Powell, an outspoken critic of the state of insurance provision offered to crypto firms, said over the years his firm has been quoted insurance many times at prices which were “ridiculous and obscene.”
“There’s just not a good deal out there,” he said, “I’m sure you can get someone to write you a deal for like 10% a year of the balance and actually have real meaningful coverage. But I don’t think people are going to pay that.”
Goodbody, likewise, explained that Huobi had been around the block looking at insurance. Indeed, he questioned how coverage in the hundreds of millions of dollars touted by some firms would apply to hot wallets, which he said would be “extremely confusing and full of caveats and fine print.”
Exchanges tend to be loose in how they go about self-insuring, according to Powell.
“I think everybody basically has these funds on their balance sheet and they are investing them or dipping into them for operations,” he explained. “Nobody, as far as I know, has provided some sort of audit or an explicit statement about how these funds are segregated and kept in a different entity as if it were really like third party insurance provider.”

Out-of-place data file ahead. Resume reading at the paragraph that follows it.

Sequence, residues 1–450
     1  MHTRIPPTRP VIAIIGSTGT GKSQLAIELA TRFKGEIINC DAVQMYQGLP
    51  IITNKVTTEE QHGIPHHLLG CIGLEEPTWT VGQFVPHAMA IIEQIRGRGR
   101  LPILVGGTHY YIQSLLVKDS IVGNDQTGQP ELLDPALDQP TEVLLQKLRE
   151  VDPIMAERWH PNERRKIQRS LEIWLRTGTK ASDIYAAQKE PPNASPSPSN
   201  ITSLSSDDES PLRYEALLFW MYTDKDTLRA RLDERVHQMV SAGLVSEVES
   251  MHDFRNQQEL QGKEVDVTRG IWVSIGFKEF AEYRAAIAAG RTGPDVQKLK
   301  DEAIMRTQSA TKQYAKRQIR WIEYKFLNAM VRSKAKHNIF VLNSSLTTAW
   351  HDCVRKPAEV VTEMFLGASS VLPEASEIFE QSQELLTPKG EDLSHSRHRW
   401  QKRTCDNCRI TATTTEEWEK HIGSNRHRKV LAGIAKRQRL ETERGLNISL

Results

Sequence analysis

Nevertheless, Powell said he struggled to see what value it would add setting up a separate captive insurance company.
“I just feel like it’s moving money between pockets of the same entity, and I don’t really see how this actually helps the consumer have more protection. It’s all the same basket of money anyway,” said Powell. “I don’t know why this would be able to get a better deal than we could get directly with an insurance broker.”
Huobi’s Goodbody was more optimistic, calling Aon’s plans “extremely interesting and super positive for the market.”
Some innovators in the insurance space, such as ethereum-based Nexus Mutual and also Etherisc (another partner of Aon), have suggested going further than setting up individual captive vehicles and rather pooling together groups of crypto disaster funds into a system of reinsurance.
Powell agreed this idea seemed to have more potential value for the industry, but he questioned the practicalities.
“You could conceivably do a group insurance deal among the exchanges, like a co-operative kind of thing. But then you have to have your competitors audit everything and I think everybody’s too smart for that – and too paranoid,” he said.
Aon’s Ching agreed there was some “obvious logic” in getting a group of crypto self-insurers together and aggregating. The problem, he said, is these companies are very different once you get under the covers:
“They have different risk tolerances, different capital structures and different security mechanisms. Until they harmonize that it’ll be hard to put a group captive together; not saying it’s impossible, just a bumpier ride.”
Coinbase CEO Brian Armstrong at Consensus 2019 image via CoinDesk archives